Friday, December 23, 2005
"Our conclusion today," wrote United States District Judge John
E. Jones III, "is that it is unconstitutional to teach ID as an
alternative to evolution in a public school classroom." You must
read 137 pages to get to that line, but it's time well spent.
Jones, a conservative Republican appointed by George W. Bush,
reviews the "legal landscape" of church-state separation, and
then addresses the key question of whether ID is science or
religion. He does so, "in the hope that it may prevent the
obvious waste of resources on subsequent trials." Science, he
observes, "rejects appeal to authority in favor of empirical
evidence," whereas, "ID is not supported by any peer-reviewed
research, data or publications." Not only does he enjoin Dover
schools from teaching ID, he says the parents who brought suit
are entitled to damages. That may cool the ardor of other school
boards thinking of hopping in bed with the Discovery Institute.
In the Senate, Rick Santorum (R-PA), who had earlier praised the
Dover School Board for "teaching the controversy," was so moved
by the Jones decision that he severed his ties to the Thomas
Moore Law Center, which had defended the Board.
Having just read Judge Jones "passionate paean to science," I
turned on "Heaven: Where Is It? How Do We Get There," a two-hour
special on ABC. The only hard information was that 90 percent of
the public believes in it, whatever it is. That's scary, but how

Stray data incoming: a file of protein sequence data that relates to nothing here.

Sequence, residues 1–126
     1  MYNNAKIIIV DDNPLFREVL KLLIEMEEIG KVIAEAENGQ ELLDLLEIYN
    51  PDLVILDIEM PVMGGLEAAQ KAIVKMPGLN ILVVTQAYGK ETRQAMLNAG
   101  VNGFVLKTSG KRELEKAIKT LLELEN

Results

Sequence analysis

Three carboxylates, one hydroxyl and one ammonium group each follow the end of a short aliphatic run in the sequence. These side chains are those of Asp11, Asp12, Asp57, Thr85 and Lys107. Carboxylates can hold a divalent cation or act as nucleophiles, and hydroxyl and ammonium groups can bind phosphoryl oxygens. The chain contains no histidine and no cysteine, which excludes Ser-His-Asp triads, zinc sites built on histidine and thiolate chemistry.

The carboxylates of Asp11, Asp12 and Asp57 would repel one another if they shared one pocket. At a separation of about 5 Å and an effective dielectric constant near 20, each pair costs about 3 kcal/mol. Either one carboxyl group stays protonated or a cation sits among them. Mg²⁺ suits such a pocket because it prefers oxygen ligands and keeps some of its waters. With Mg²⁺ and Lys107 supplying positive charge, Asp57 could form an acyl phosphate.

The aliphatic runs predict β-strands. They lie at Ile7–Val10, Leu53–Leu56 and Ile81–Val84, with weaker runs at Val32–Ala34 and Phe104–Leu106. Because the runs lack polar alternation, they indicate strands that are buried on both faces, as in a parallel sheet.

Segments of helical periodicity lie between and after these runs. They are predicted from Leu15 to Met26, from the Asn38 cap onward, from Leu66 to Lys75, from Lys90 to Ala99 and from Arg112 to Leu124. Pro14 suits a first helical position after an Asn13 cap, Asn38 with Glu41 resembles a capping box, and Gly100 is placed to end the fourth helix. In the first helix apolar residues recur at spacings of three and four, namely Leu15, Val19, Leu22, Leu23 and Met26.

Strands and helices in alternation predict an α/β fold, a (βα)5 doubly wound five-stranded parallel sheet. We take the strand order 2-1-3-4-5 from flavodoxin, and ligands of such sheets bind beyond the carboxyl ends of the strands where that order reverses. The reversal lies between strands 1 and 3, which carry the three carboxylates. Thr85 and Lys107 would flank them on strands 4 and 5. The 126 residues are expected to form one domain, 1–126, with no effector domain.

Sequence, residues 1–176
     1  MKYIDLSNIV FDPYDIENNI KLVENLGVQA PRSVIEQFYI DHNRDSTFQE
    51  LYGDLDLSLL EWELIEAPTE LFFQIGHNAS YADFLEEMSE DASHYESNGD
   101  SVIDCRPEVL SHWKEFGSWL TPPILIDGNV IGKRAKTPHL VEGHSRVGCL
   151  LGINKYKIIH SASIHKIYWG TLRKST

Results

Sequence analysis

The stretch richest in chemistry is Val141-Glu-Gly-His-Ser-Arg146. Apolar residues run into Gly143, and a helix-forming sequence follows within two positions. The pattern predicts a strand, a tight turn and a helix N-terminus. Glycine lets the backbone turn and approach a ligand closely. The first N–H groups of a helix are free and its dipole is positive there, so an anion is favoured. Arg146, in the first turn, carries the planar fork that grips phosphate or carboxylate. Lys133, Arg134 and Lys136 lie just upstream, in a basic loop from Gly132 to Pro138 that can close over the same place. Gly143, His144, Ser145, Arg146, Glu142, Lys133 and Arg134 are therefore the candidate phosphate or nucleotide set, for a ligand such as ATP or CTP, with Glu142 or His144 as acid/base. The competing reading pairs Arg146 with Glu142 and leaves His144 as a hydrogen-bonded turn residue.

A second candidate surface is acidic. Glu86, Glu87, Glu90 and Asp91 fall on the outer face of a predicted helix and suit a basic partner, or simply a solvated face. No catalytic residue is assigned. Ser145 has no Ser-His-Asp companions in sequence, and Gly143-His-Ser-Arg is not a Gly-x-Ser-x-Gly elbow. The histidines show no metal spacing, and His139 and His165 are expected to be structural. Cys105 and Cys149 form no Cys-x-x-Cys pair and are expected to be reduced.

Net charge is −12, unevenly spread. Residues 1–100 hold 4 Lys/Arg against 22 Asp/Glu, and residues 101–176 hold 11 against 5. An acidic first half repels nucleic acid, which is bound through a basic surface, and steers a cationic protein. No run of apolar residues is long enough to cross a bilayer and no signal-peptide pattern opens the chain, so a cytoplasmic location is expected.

could ABC spend two hours on something for which there is no
evidence whatever? Easy, have Barbara Walters interview experts,
from mega-church evangelist Ted Haggard, who explains Heaven is
only for born-again Christians, to a failed suicide bomber in a
Jerusalem prison who was certain it's only for Muslims.
A consortium led by UC and Bechtel won the contract to manage the
nation's oldest nuclear laboratory. This was good news for the
8,000 employees who feared losing job security and pensions under
new management. However, Rep. Joe Barton (R-TX), Chair of Energy
and Commerce, was not happy. He had favored a consortium that
included the U. of Texas. Actually, Barton hasn't been happy
since Energy cancelled the SSC, which was in his district.
The House yesterday insisted on shortening the extension of the
Patriot Act to five weeks because James Sensenbrenner (R-WI), the
Judiciary chair, wants it to be permanent. While you're figuring
that out, we read in the South Coast Standard-Times that a UMass
Dartmouth Senior was visited by Homeland Security agents after he
requested a copy of Mao's "Little Red Book" from the library. He
had apparently become one of the 500 people at any one time that
President Bush has authorized NSA to spy on. So we now have NSA
computers sifting through inter-library loans to catch Maoists?
Wake up NSA! (WN 11 Feb 05).